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A Multidomain Fusion Protein in Listeria monocytogenes Catalyzes the Two Primary Activities for Glutathione Biosynthesis

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A Multidomain Fusion Protein in Listeria monocytogenes Catalyzes the Two Primary Activities for Glutathione Biosynthesis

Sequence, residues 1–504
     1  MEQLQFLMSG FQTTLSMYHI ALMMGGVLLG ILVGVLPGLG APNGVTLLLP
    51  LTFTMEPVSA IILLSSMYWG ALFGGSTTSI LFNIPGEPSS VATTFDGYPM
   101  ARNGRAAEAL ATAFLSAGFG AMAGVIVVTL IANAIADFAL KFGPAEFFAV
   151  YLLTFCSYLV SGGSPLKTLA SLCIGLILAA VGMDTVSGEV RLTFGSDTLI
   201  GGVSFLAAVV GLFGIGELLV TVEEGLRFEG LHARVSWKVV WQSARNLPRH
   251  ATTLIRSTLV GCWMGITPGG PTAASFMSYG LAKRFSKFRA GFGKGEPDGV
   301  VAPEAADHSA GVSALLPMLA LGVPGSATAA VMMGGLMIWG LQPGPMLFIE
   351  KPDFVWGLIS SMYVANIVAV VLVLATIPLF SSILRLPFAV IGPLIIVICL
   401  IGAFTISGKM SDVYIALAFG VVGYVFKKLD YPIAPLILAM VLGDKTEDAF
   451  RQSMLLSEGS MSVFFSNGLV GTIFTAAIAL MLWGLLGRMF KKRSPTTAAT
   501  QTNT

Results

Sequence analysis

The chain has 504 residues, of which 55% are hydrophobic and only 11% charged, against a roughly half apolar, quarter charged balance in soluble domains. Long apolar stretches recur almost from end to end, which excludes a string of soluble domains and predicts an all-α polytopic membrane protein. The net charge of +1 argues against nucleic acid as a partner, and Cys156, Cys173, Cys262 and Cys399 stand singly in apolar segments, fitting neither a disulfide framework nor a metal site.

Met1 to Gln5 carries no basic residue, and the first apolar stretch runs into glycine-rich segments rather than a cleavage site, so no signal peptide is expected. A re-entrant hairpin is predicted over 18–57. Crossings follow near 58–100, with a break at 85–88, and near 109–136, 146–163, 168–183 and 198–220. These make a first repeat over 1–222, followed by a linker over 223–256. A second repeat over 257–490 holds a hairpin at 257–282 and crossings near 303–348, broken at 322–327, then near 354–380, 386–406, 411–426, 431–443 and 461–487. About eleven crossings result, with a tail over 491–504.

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  J OURNAL OF  B  ACTERIOLOGY , June 2005, p. 3839–3847 Vol. 187, No. 110021-9193/05/$08.00  0 doi:10.1128/JB.187.11.3839–3847.2005Copyright © 2005, American Society for Microbiology. All Rights Reserved.  A Multidomain Fusion Protein in  Listeria monocytogenes  Catalyzes theTwo Primary Activities for Glutathione Biosynthesis Shubha Gopal, 2 † Ilya Borovok, 1  Amos Ofer, 1 Michaela Yanku, 1 Gerald Cohen, 1 Werner Goebel, 2 Ju¨rgen Kreft, 2 and Yair Aharonowitz 1 * Tel Aviv University, The George S. Wise Faculty of Life Sciences, Department of Molecular Microbiology and Biotechnology, Ramat Aviv, 69978, Tel Aviv, Israel, 1  and Theodor-Boveri-Institut (Biozentrum) der Universitat Wu¨rzburg, Lehrstuhl fu¨r Mikrobiologie, Am Hubland, 97074 Wu¨rzburg, Germany 2 Received 16 January 2005/Accepted 24 February 2005 Glutathione is the predominant low-molecular-weight peptide thiol present in living organisms and plays akey role in protecting cells against oxygen toxicity. Until now, glutathione synthesis was thought to occur solelythrough the consecutive action of two physically separate enzymes,   -glutamylcysteine ligase and glutathionesynthetase. In this report we demonstrate that  Listeria monocytogenes  contains a novel multidomain protein(termed GshF) that carries out complete synthesis of glutathione. Evidence for this comes from experiments which showed that in vitro recombinant GshF directs the formation of glutathione from its constituent aminoacids and the in vivo effect of a mutation in GshF that abolishes glutathione synthesis, results in accumulationof the intermediate   -glutamylcysteine, and causes hypersensitivity to oxidative agents. We identified GshForthologs, consisting of a   -glutamylcysteine ligase (GshA) domain fused to an ATP-grasp domain, in 20gram-positive and gram-negative bacteria. Remarkably, 95% of these bacteria are mammalian pathogens. A plausible srcin for GshF-dependent glutathione biosynthesis in these bacteria was the recruitment by a GshA ancestor gene of an ATP-grasp gene and the subsequent spread of the fusion gene between mammalian hosts,most likely by horizontal gene transfer. Glutathione (  -glutamyl-cysteinyl-glycine) (GSH) is the pre-dominant low-molecular-weight peptide thiol present in livingorganisms. In bacteria it plays a pivotal role in many metabolicprocesses, chief among which are thiol redox homeostasis, pro-tection against reactive oxygen species, protein folding, andprovision of electrons via NADPH to reductive enzymes, suchas ribonucleotide reductase. Low-molecular-weight nonribo-somal peptides are assembled by the action of versatile multi-modular enzymes termed nonribosomal peptide synthetases(NRPS) (22, 37) or through the consecutive actions of individ-ual enzymes. GSH synthesis is a prime example of the latter,and GSH is made in a highly conserved two-step ATP-depen-dent process by two unrelated peptide bond-forming enzymes(21). The   -carboxyl group of   L  -glutamate and the amino groupof   L  -cysteine are ligated by the enzyme   -glutamylcysteine li-gase (encoded by  gshA ) to give   -glutamylcysteine, which isthen condensed with glycine in a reaction catalyzed by gluta-thione synthetase (encoded by  gshB ) to form GSH. Most gram-positive bacteria do not contain GSH (9). However, a broadsurvey of the distribution of thiols in microorganisms revealedthat several species of gram-positive bacteria, including  Liste- ria , streptococci, and enterococci, produce significant amountsof GSH (23). The source of GSH in these bacteria has re-mained a puzzle, since their genomes do not contain a canon-ical  gshB  gene. The recent paper of Copley and Dhillon pro- vides a clue to the srcin of this GSH (7). These authorsidentified in the genomes of   Listeria monocytogenes ,  Listeriainnocua ,  Clostridium perfringens , and  Pasteurella multocida  anopen reading frame (ORF) that is predicted to contain anN-terminal domain that encodes a molecule significantly re-lated to bacterial   -glutamylcysteine ligases (GshA) and a C-terminal domain that encodes a molecule that bears little re-semblance to typical bacterial glutathione synthetases (GshB)but is clearly related to the ATP-grasp superfamily of proteins(11). All of these enzymes carry out ATP-dependent formationof peptide bonds between a carboxylate group of one substrateand an amino, imino, or thiol group of another substrate, andtheir catalytic mechanisms are likely to include formation of acylphosphate intermediates (11, 41). Despite their low se-quence similarity and the different chemical reactions that theycatalyze, the crystal structures of these enzymes reveal consid-erable structural similarity (38). Here, we report the presencein  L. monocytogenes  of a multidomain fusion protein, Lmo2770,that integrates the two catalytic activities and defines a newroute for glutathione synthesis. Recombinant Lmo2770 di-rects formation of glutathione in vitro. We also show thatthe  lmo2770  gene has orthologs in otherwise distantly relatedbacteria, most of which are mammalian pathogens. Below werefer to the listerial fusion protein as GshF and the gene en-coding it as  gshF. MATERIALS AND METHODSBacterial strains, plasmids, and culture conditions.  L. monocytogenes  wild-type strain EGD-e (   ATCC BAA-679), the isogenic mutant GshF466, and arevertant of GshF466 were cultured at 37°C in brain heart infusion medium(BHI) (Gibco) for routine growth studies and in tryptic soy broth (TSB) (SigmaChemicals) supplemented with 25 mM glucose for thiol analyses. The tempera-ture-sensitive shuttle vector pG  host4 (4) was used for construction of insertionmutants and carries an erythromycin resistance gene.  Escherichia coli  TG1 served * Corresponding author. Mailing address: Tel Aviv University, De-partment of Molecular Microbiology and Biotechnology, Ramat Aviv,Tel Aviv, 69978, Israel. Phone: (972) 3 640 9411. Fax: (972) 3 6422245.E-mail: yaira@post.tau.ac.il.† Present address: Department of Biotechnology, P.A. College of Engineering, Nadupav, Kairangala, Near Mangalore University, Man-galore 574153, India.3839  as the intermediate host for cloning (4) and was propagated at 37°C in Luria-Bertani broth. Construction of the  L. monocytogenes  mutant GshF466 and of the revertant.  A 410-bp internal fragment of the  L. monocytogenes lmo2770  gene (  gshF  ) spanningnucleotides 991 to 1401 was amplified by PCR using oligonucleotide primersGSHU (forward primer; 5-   AATCAAAGGATCCCTTTCAGAAGATCG-3  ),creating a BamHI site (underlined), and GSHD (reverse primer; 5  -AATAGCGAATTCCATATGATTTGGGTG-3  ), creating an EcoRI site (underlined),and cloned into the pG  host4 shuttle vector to form pSGhs1. The recombinantpSGhs1 plasmid was introduced by electroporation into  L. monocytogenes EGD-e, and transformants were selected at 30°C on BHI agar supplemented with 5  g/ml erythromycin. A positive clone was grown at 30°C in BHI containing5   g/ml erythromycin and spread on BHI agar plates containing 5   g/ml eryth-romycin, and the plates were incubated for 2 days at 42°C (the nonpermissivetemperature for pG  host4 replication). Plasmid integration via homologousrecombination yielding the GshF466 disruptant mutant strain was verified byPCR. Proper integration was verified by sequencing across the junction sites of the vector and inserted fragment. The GshF466 revertant was obtained afterinfection of J774 mouse macrophage-like cells (see below) and was initiallyidentified by colony size (the GshF466 mutant formed small colonies on BHI orTSB agar) and loss of the plasmid-encoded erythromycin resistance. Loss of theplasmid insertion was confirmed by PCR. Infection assays for survival and multiplication of   L. monocytogenes  EGD-eand the GshF466 mutant in J774 mouse macrophage-like cells and Caco-2enterocyte-like cells.  J-774A.1 (   DSMZ ACC 170) or Caco-2 (   DSMZ ACC169) cells were seeded into 12-well cell culture plates (Greiner-Bio One, Ger-many) and grown to confluence in RPMI 1640 medium (Gibco) supplemented with 10% fetal calf serum. Cultures were infected with  L. monocytogenes  EGD-eand GshF466, and bacterial survival and intracellular multiplication were deter-mined essentially as described previously (10), with minor modifications as de-scribed by Karunasagar et al. (14). A multiplicity of infection of one bacteriumper cell was used for J774 cells, and a multiplicity of infection of 10 bacteria percell was used for Caco-2 cells. At 30 min and 1 h after infection, aliquots of cells were washed twice with phosphate-saline buffer to remove adherent bacteria,and the infected cells were lysed by addition of 1 ml of distilled water containing0.1% Triton X-100. Numbers of viable bacteria, expressed in CFU, were deter-mined from serial dilutions on BHI agar. Gentamicin (10   g/ml) was added tothe remaining cells to kill extracellular bacteria, and at 3, 5, and 7 h postinfectionintracellular bacteria were recovered and enumerated as described above. Microscopic visualization of infection of   L. monocytogenes  EGD-e and theGshF466 mutant in Caco-2 enterocyte-like cells.  L. monocytogenes  EGD-e andGshF466 were transformed with plasmid pLSV16-P  actA -  gfp.  This plasmid en-abled expression of the  gfp  gene (encoding the green fluorescent protein) underthe control of the  actA  promoter but only after escape of the bacterium into thecytosol of the infected host cells (5). Caco-2 enterocyte-like cells were infected asdescribed above. At 6 h and 24 h postinfection, the infected cell monolayers wereinspected by phase-contrast and fluorescence microscopy with a DMIIRB in- verted microscope (Leica, Germany). The phase-contrast and fluorescence mi-crographs obtained were overlaid electronically.  Assay for sensitivity to hydrogen peroxide, diamide, and   -butyl hydroperox-ide.  L. monocytogenes  EGD-e and GshF466 and the GshF466 revertant weregrown at 37°C in BHI to the mid-log phase, and 0.1-ml portions of the cultures were spread onto BHI agar plates. Filter paper disks (diameter, 5 mm) wereplaced on the plates and soaked with different amounts and concentrations of hydrogen peroxide, diamide, and  -butyl hydroperoxide (see Table 3). The plates were incubated at 37°C overnight, and the diameters of the zones of inhibition of bacterial growth were measured. Preparation of cell extracts for high-performance liquid chromatography(HPLC) analysis of thiols.  Cell extracts were analyzed for low-molecular-weightthiols as their bimane derivatives as previously described (23, 24). Quantificationof GSH and   -glutamylcysteine was performed by measurement of the peakareas in chromatogram profiles and comparison with known thiol standards runin parallel. Construction of the GshF expression vector.  To construct pET28a(  )::  gshF  ,the complete  lmo2770  sequence was amplified by PCR using forward primer5  -GAGCTCATGATAAAACTTGATATGAAC-3   and reverse primer 5  -GA GAGAGCTCCCGTCAAATAAGAAATCTAAAATC-3  . The amplified frag-ment was eluted from a 1% agarose gel using a QIAGEN QIAquick gel extrac-tion kit, ligated to the Promega pGEM T-Easy vector, and electroporated into  E. coli  XL1-blue. Positive transformants were detected by blue-white screeningand by colony PCR, and the DNA insert was sequenced to verify its integrity.pGEM::  gshF   was digested with restriction endonuclease BspHI (New EnglandBiolabs), electrophoresed in 1% agarose, eluted, and digested with restrictionendonuclease SacI (Fermentas). The expression vector pET28a(  ) (Novagen) was digested with restriction endonuclease NcoI (Fermentas), electrophoresed in1% agarose, eluted, and digested with the SacI restriction endonuclease (Fer-mentas). T4 DNA ligase (GibcoBRL) was used to ligate the two SacI DNA fragments to obtain pET28a(  )::  gshF  , which was electroporated into XL1-bluecells, and transformants were selected for kanamycin resistance. The DNA insertin pET28a(  )::  gshF   and the adjacent DNA regions were sequenced to verify thecorrectness of the construct. Plasmid DNA was prepared using a QIAGEN midikit and a Roche High Pure plasmid isolation kit. The pET28a(  )::  gshF   constructexpresses GshF containing a six-His tag at its C terminus. Protein overexpression.  Overnight cultures of   E. coli  BL-21  (DE3) harboringpET28a(  )::  gshF   were diluted to 0.1% (vol/vol) in Luria-Bertani broth contain-ing kanamycin and chloramphenicol (50   g/ml and 30   g/ml, respectively) andgrown aerobically at 37°C. At an absorbance at 600 nm of 0.6, isopropyl-  - D -thiogalactopyranoside (IPTG) (Sigma) was added to a concentration of 1 mM.The cells were incubated for 5 h at 25°C to obtain an optical density of 3.7 and were harvested by centrifugation at 4,000   g   for 20 min at 4°C. The supernatant was discarded, and the cell pellet was stored at   20°C. Protein purification.  Frozen cells were thawed and suspended in 50 mMTris-HCl (pH 8.1), 1 g of wet cell pellet per 4 ml buffer. EDTA-free proteaseinhibitor cocktail (Roche Complete Mini) was added, and the cell suspension wassonicated. RNase A (10  g/ml) and DNase I (5  g/ml) were added (Sigma), andthe mixture was centrifuged at 4,000    g   for 20 min at 4°C. The supernatant wasequilibrated against 50 mM Tris-HCl (pH.8), 300 mM NaCl, 5 mM imidazole,loaded on a high-capacity Ni 2  -CAM resin column (Sigma), and washed with theloading buffer. Stepwise elution was performed with 5 mM, 10 mM, 50 mM, 100mM, and 250 mM imidazole with fixed buffer and salt concentrations. Recoveryof recombinant protein was monitored by sodium dodecyl sulfate-polyacrylamidegel electrophoresis with a 9% acrylamide gel.  -Glutamylcysteine ligase and glutathione synthetase activity assays.   -Glu-tamylcysteine ligase and glutathione synthetase activities were determined on thebasis of ADP formation using a pyruvate kinase-lactate dehydrogenase coupledassay (29). Sequence analyses.  GshF amino acid residues 6 to 355, corresponding to theglutamylcysteine ligase domain (PF04262) of bacterial glutamylcysteine ligases,and amino acids 516 to 761, corresponding to the ATP-grasp domain, were usedas the queries to retrieve homologs of these domains from databases. Databasesearches were carried out by using PSI- and PHI-BLAST (3) and the nonredun-dant protein database at the National Center for Biotechnology Information.Identification and analysis of domain architectures were performed with theSMART (Simple Modular Architecture Research Tool) program (17, 28). Se-quence alignment was performed with Clustal W (http://www.ebi.ac.uk/clustalw /index.html) (34) using the default parameters. Phylogenetic and molecular evo-lutionary analyses were conducted using MEGA, version 3.0 (16). The neighbor- joining and minimal-evolution methods, based on the distance matrix calculatedfor all pairs from the sequence alignment, were used for tree reconstruction. Theconfidence limits of branch points were estimated from 1,000 bootstrap repli-cates. The  L. monocytogenes  genome data were obtained from a website (http: //genolist.pasteur.fr/ListiList). The EMBL/GenBank accession number for the  L. monocytogenes  EGD-e genome sequence is AL591824. Table 1 lists the bac-terial strains, protein sequences, and databases used in this study for preparationof sequence alignments and phylogenetic trees. RESULTS AND DISCUSSIONGshF is a fusion protein consisting of    -glutamylcysteineligase and ATP-grasp domains.  Figure 1A shows the domainstructure of the putative  L. monocytogenes  776-amino-acidGshF (Lmo2770 [12]). The N-terminal portion of the protein,comprising amino acids 1 to 441, exhibits moderate sequenceidentity with the 518-amino-acid  E. coli  GshA protein (24%identity for the sequences;  E  value, 4e-44) and lacks the   50-amino-acid segment present in the GshA C terminus; residues6 to 355 form the glutamylcysteine ligase domain (PF04262) of bacterial glutamylcysteine ligases (EC 6.3.2.2). The C-terminalportion of the putative protein, comprising amino acids 450 to776, contains the ATP-grasp domain consisting of residues 516to 761. Employing the BLAST2seq, Lalign, or SSEARCH pro-gram (using the Smith-Waterman algorithm [version 2.0u4, 3840 GOPAL ET AL. J. B  ACTERIOL  .   April 1996]) (26, 31), we could not detect any significant sim-ilarity between the C-terminal portion of GshF and  E. coli GshB. The   160-amino-acid segment connecting the N and Cdomains of GshF exhibits high sequence identity with the cor-responding regions in related ORFs from  L. innocua ,  C. per- fringens , and  P. multocida , as well as some other bacteria (morethan 40% identity between the sequences;  E  values, 1e-11 andlower [see below]). Figure 1B shows a putative gene fusionevent that occurs in the formation of GshF-like proteins, asdetermined by using FusionDB (http://igs-server.cnrs-mrs.fr /FusionDB/), a database of bacterial and archaeal gene fusionevents (8, 32). GshF is a multimodular protein that carries out completesynthesis of glutathione.  To determine if the  L. monocytogenes GshF protein is responsible for synthesis of GSH in vivo,  L. monocytogenes  strain EGD-e (wild type) and mutant GshF466(containing plasmid pSGhs1 inserted into  lmo2770  at the ami-no acid 466 position) were grown in TSB, a glutathione-freemedium, and GSH was assayed in cell extracts after thiols werederivatized with the thiol-specific reagent monobromobimane,followed by separation by HPLC (24). Figures 2A and Bshow that disruption of the C-terminal ATP-grasp domain inGshF466 abolished GSH synthesis and led to accumulation of the intermediate   -glutamylcysteine. A revertant of GshF466,in which the plasmid insert had spontaneously excised, osten-sibly resulting in an intact  gshF   gene, exhibited wild-type levelsof GSH (Fig. 2C), demonstrating that the plasmid insertionalone and not secondary mutations were responsible for thephenotype observed.We next tested whether the GshF fusion protein is able todirect formation of GSH in an in vitro system. Purified recom-binant GshF was incubated with  L  -glutamate,  L  -cysteine, gly- TABLE 1. Bacterial strains, protein sequences, and databases used in this study Organism Annotation  a Locus name Database  b  Actinobacillus pleuropneumoniae  serovar 1 strain 4074 GshF Aple02002114 OUACGT  Actinobacillus actinomycetemcomitans  HK1651 GshF OUACGT Clostridium perfringens  13 GshF Cpe1573  Desulfotalea psychrophila  LSv54 GshF DP1233  Enterococcus faecalis  V583 GshF EF3089  Enterococcus faecium  DO GshF Efae03001459 Joint Genome Institute  Haemophilus somnus  129PT GshF Hsom02000231 Joint Genome Institute  Listeria monocytogenes  EGD-e GshF LMO2770  Listeria innocua  Clip11262 GshF LIN2913  Mannheimia succiniciproducens  MBEL55E GshF MS1683  Pasteurella multocida  Pm70 GshF PM1048 Streptococcus agalactiae  NEM316 GshF GBS1862 Streptococcus mutans  UA159 GshF SMU.267c Streptococcus suis  P1/7 GshF Sanger Centre Streptococcus gordonii  Challis NCTC7868 GshF TIGR Streptococcus sanguinis  SK36 GshF Virginia Commonwealth University Streptococcus sobrinus  6715 GshF TIGR Streptococcus thermophilus  CNRZ1066 GshF STR1413 Streptococcus uberis  0140J GshF Sanger Centre  Lactobacillus plantarum  WCFS1 GshF LP_2336  Lactobacillus plantarum  WCFS1 GshA LP_2324 Clostridium acetobutylicum  ATCC 824 GshA CAC1539 Clostridium acetobutylicum  ATCC 824 ATP-grasp CAC1540  Bordetella parapertussis  12822 GshA BPP4089  Leptospira interrogans  serovar Lai 56601 GshA LA2106  Leptospira interrogans  serovar Lai 56601 ATP-grasp LA2107  Bordetella bronchiseptica  RB50 GshA BB4560  Acinetobacter   sp. strain ADP1 GshB ACIAD3518  Buchnera aphidicola  Bp GshB BBP490  Burkholderia mallei  ATCC 23344 GshB BMA3214  Escherichia coli  K-12 strain MG1655 GshB B2947  Pseudomonas aeruginosa  PAO1 GshB PA0407 Shewanella oneidensis  MR-1 GshB SO0831 Vibrio cholerae  O1 biovar Eltor strain N16961 GshB VC0468  Bordetella bronchiseptica  RB50 GshB BB2152  Bordetella pertussis  Tohama I GshB BP1499  Acinetobacter   sp. strain ADP1 MurC ACIAD1279  Anabaena  (  Nostoc ) sp. strain PCC7120 CphA ALL3879  Bordetella bronchiseptica  RB50 CphA BB3584 Clostridium perfringens  13 CphA CPE2213 Gloeobacter violaceus  PCC 7421 CphA GVIP562  Nitrosomonas europaea  ATCC 19718 CphA NE0923  Escherichia coli  K-12 strain MG1655 DdlB B0092  Pasteurella multocida  Pm70 DdlB PM0144  Pseudomonas aeruginosa  PAO1 DdlB PA4410  a  Annotation of proteins in databases: the GshF annotation is from this study.  b Information was obtained from the GenBank database unless indicated otherwise. TIGR, The Institute for Genome Research. OUACGT, Oklahoma AdvancedCenter for Genome Technology. V OL  . 187, 2005 GLUTATHIONE BIOSYNTHESIS BY MULTIDOMAIN FUSION PROTEIN 3841  cine, and Mg 2   ATP, and the reaction products were analyzedby HPLC (Table 2). GSH was made only when all threeprecursor amino acids were present in the reaction mixture.Omission of glycine resulted in formation of the intermedi-ate   -glutamylcysteine. GSH was also formed when the reac-tion mixture contained   -glutamylcysteine and glycine. Wheneither glutamate or ATP was omitted, no detectable cysteine-containing products were made. The Mg 2  required for   -glu-tamylcysteine synthetase activity could be replaced by Mn 2  , aknown property of this and related enzymes (1, 25). Theseresults establish that the  L. monocytogenes  GshF protein func-tions as a multimodular enzyme system that has within a singlepolypeptide the catalytic sites required for substrate activation(adenylation) and peptide bond formation. In these respects,the GshF protein superficially resembles the multifunctionalNRPS, such as  L  -  -aminoadipoyl- L  -cysteine- D -valine (ACV)synthetase (2, 6, 20), that carry out stepwise assembly of smallpeptides on a single protein template. However, further char-acterization of the GshF-dependent reaction suggested thatmechanistically it mimics the GshA-GshB two-enzyme sys-tem. One feature of NRPS is the absence of soluble peptideintermediates. In the system described here  -glutamylcysteine was detected as a free intermediate in the synthesis of GSH. A second feature of NRPS is the involvement of a 4  -phospho-pantetheine cofactor in the elongation process. We were un-able to show the need for any cofactor other than ATP in theGshF-dependent reaction. A further difference between NRPS FIG. 1. (A) Schematic representation of the domain architecture of the  L. monocytogenes  GshF 776 amino acid fusion protein (Lmo2770)and the  E. coli  K-12 GshA (  -glutamylcysteine ligase) and GshB (glu-tathione synthetase) proteins. Domains are indicated by boxes; num-bers within boxes show the amino residues that form the correspondingdomains. GSH-S_N is the prokaryotic glutathione synthetase N-termi-nal domain (accession number PFO2951). The arrowhead shows theposition of the plasmid pSGhs1 insertion in  L. monocytogenes  GshF466.(B) Putative gene fusion event in the formation of GshF-like pro-teins, constructed by using FusionDB (http://igs-server.cnrs-mrs.fr /FusionDB/), a database of bacterial and archaeal gene fusion events.FIG. 2. HPLC analysis of the  L. monocytogenes  low-molecular-weightfree thiols. Thiols were extracted and chromatographed from culturesof the wild type (WT) (A), the GshF466 mutant (B), and the GshF466revertant (C) and chromatographed as described previously (20, 21),and they were compared with a chromatogram of a standard mixtureof thiols (D) containing  N  -acetylcysteine (NAC), cysteine (Cys), coen-zyme ASH (CoASH), and   -glutamylcysteine (  GC). Peaks R werefound in control samples in which thiols were blocked with  N  -ethyl-maleimide prior to treatment with monobromobimane (data not shown)and were assumed to represent fluorescent components from the cells,reagent-derived components, or thiols having atypical reactivity. DTT,dithiothreitol.TABLE 2.   -Glutamylcysteine ligase and glutathione synthetaseactivities of the  L. monocytogenes  GshF recombinant fusion protein  a  Activity Relativeactivity (%)Sp act (nmoles/ min/mg)  -Glutamylcysteine ligaseGlutamate    cysteine 100 274.15Glutamate   0.01   0.05Cysteine   0.01   0.05Glutathione synthetase  -Glutamylcysteine    glycine 100 258.70  -Glutamylcysteine   0.27   0.71Glycine   0.23   0.59  -Glutamylcysteine ligase    glutathionesynthetase (complete reaction)Glutamate    cysteine    glycine 100 210.70Glutamate    glycine   0.43   0.90Cysteine    glycine   0.47   0.99  a Reactions were carried out in the presence of ATP and Mg 2  . 3842 GOPAL ET AL. J. B  ACTERIOL  .  FIG. 3. Growth, survival, intracellular multiplication, and microscopic visualization of   L. monocytogenes  wild-type and mutant strains. (A)  L. monocytogenes  EGD-e (wild type) and the GshF466 insertion mutant were cultured at 37°C in tryptic soy broth containing 25 mM glucose withor without 2 mM reduced glutathione, and growth was monitored by determining the optical density at 600 nm (OD 600 nm). F , EGD-e withoutGSH;  E , EGD-e with 2 mM glutathione;  ■ , Gsh466 without GSH;   , GshF466 with 2 mM glutathione. (B and C) Survival and intracellularmultiplication of   L. monocytogenes  EGD-e (wild type), the Gsh466 insertion mutant, and the Gsh466 revertant in J774 mouse macrophage-like cells(B) and Caco-2 enterocyte-like cells (C). Multiplicities of infection of 1 and 10 bacteria per cell were used for J774 and Caco-2 cells, respectively. At 30 min and 1 h after infection, aliquots of cells were washed twice with phosphate-saline buffer to remove adherent bacteria, the infected cells were lysed, and the numbers of viable bacteria were determined and expressed in CFU/ml. Gentamicin (10   g/ml) was added to the remainingcells to kill extracellular bacteria, and at 3, 5, and 7 h postinfection intracellular bacteria were recovered and enumerated. The graph shows averagenumbers of CFU/ml from four independent experiments. (D) Microscopic visualization of infection of   L. monocytogenes  wild-type strain EGD-e(WT) and the GshF466 mutant in Caco-2 cells. Bacteria were transformed with plasmid pLSV16-P  actA -  gfp , which expresses the  gfp  gene (encodingthe green fluorescent protein) under the control of the  actA  promoter following entrance of the bacterium into the cytosol of an infected host cell(13). Caco-2 cells were infected as described above. At 6 h and 24 h postinfection, the infected cell monolayers were inspected by phase-contrastand fluorescence microscopy, and the micrographs were overlaid electronically.V OL  . 187, 2005 GLUTATHIONE BIOSYNTHESIS BY MULTIDOMAIN FUSION PROTEIN 3843